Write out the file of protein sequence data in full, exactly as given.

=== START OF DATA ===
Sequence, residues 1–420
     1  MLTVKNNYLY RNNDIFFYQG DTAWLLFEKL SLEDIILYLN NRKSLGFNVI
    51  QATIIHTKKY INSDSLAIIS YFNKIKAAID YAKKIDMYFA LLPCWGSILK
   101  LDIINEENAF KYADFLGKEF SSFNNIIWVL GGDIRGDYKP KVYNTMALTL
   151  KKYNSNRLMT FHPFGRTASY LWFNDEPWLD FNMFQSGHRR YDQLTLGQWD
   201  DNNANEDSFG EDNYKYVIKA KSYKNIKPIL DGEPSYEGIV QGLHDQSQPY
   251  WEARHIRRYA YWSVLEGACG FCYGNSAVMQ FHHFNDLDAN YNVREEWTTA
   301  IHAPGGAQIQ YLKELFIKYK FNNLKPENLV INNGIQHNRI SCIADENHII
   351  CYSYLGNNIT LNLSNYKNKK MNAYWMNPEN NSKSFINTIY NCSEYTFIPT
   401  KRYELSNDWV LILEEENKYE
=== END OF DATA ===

Sequence, residues 1–420
     1  MLTVKNNYLY RNNDIFFYQG DTAWLLFEKL SLEDIILYLN NRKSLGFNVI
    51  QATIIHTKKY INSDSLAIIS YFNKIKAAID YAKKIDMYFA LLPCWGSILK
   101  LDIINEENAF KYADFLGKEF SSFNNIIWVL GGDIRGDYKP KVYNTMALTL
   151  KKYNSNRLMT FHPFGRTASY LWFNDEPWLD FNMFQSGHRR YDQLTLGQWD
   201  DNNANEDSFG EDNYKYVIKA KSYKNIKPIL DGEPSYEGIV QGLHDQSQPY
   251  WEARHIRRYA YWSVLEGACG FCYGNSAVMQ FHHFNDLDAN YNVREEWTTA
   301  IHAPGGAQIQ YLKELFIKYK FNNLKPENLV INNGIQHNRI SCIADENHII
   351  CYSYLGNNIT LNLSNYKNKK MNAYWMNPEN NSKSFINTIY NCSEYTFIPT
   401  KRYELSNDWV LILEEENKYE